Ian McEwan’s delicious new novel provides all the pleasures one has come to expect of him: pervasive intelligence, broad and deep knowledge, elegant prose, subtle wit and, by no means least, a singularly agreeable element of surprise. In “Sweet Tooth,” as elsewhere in McEwan’s fiction, things are not always what they seem to be, with the result that the reader is permitted to delight in the aforementioned pleasures while wondering all the while what, exactly, is going on.
Well, you will say after coasting happily through the first nine-tenths of the book, of course this is Serena Frome’s “(rhymes with plume)” story, as told by her. So far as I can determine, the choice of surname is purely coincidental, as in neither mood nor themes does “Sweet Tooth” bear any resemblance to Edith Wharton’s well-known novel “Ethan Frome”; indeed, for all her faults, Serena is a considerably more engaging and likable character than poor old Ethan, with his ruined face and frustrated love. But if this is indeed Serena’s story, the telling of it in time becomes part of the mystery, yet another manifestation of McEwan’s fascination with the ownership of narrative and the complicated relationship between imagination and intelligence.
(Nan A. Talese) - ‘Sweet Tooth’ by Ian McEwan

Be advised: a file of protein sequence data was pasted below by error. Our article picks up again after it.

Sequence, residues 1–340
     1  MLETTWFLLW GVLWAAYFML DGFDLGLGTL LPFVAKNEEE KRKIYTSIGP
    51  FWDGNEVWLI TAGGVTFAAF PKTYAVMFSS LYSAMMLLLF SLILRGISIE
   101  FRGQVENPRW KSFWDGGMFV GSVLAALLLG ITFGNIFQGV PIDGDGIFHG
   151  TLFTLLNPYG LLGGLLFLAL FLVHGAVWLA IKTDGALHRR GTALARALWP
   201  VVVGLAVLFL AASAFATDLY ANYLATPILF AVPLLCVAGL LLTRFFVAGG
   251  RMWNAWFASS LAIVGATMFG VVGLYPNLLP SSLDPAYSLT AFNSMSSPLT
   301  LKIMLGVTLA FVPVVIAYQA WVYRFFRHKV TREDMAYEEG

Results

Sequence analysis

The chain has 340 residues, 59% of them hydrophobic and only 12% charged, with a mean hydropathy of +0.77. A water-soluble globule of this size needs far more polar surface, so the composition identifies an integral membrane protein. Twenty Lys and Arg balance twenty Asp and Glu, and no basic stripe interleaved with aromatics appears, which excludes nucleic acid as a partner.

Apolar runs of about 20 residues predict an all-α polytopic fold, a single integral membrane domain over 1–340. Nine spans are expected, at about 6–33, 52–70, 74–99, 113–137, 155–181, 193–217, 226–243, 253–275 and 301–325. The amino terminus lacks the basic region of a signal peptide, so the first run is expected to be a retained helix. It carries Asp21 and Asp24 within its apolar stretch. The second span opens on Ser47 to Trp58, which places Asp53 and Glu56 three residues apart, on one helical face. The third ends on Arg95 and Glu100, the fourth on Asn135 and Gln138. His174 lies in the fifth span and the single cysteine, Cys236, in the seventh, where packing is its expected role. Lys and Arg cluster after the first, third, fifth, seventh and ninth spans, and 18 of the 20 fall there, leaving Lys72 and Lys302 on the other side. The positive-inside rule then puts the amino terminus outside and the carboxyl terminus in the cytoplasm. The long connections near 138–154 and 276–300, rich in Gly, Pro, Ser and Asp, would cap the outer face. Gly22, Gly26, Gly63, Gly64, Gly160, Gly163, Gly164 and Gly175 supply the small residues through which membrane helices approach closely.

Intelligence, that is, in the sense of espionage, information-gathering, dissembling and false clues. As the novel opens, Serena, the daughter of an Anglican bishop in a pleasant provincial city, has just concluded a mediocre career at Cambridge, where she “was considered something of a freak of nature — a girl who happened to have a talent for mathematics” and, more than that, “a good-looking girl in a miniskirt, with blond hair curling past her shoulder blades.” The miniskirt is an important detail, because it sets the context: This is the early 1970s, with the Cold War still ominously active, Britain bogged down in the bloody conflict over Northern Ireland, workers of almost every imaginable sort angry and out on strike, London threatening to collapse into one vast slum, the empire gone and the arrogant United States on the rise. Serena studies only enough math to get by, preferring to occupy herself with an unsystematic reading of whatever novels she can get her hands on, and indulging in an affair with a fellow named Jeremy Mott, an affair that would have no consequence in her life except that Jeremy introduces her to his history tutor, Tony Canning, a man in his 50s:
“He was of the great and good, a type vaguely familiar to me. Men like him came to our house to visit the Bishop from time to time. They were annoying of course to anyone under twenty-five in that post-sixties period, but I rather liked them too. They could be charming, even witty, and the whiff they trailed of cigars and brandy made the world seem orderly and rich. They thought much of themselves, but they didn’t seem dishonest, and they had, or gave the impression they had, a strong sense of public service. They took their pleasures seriously (wine, food, fishing, bridge, etc.) and apparently some had fought an interesting war. I had memories of childhood Christmases when one or two of them would tip my sister and me a ten bob note. Let these men rule the world. There were others far worse.”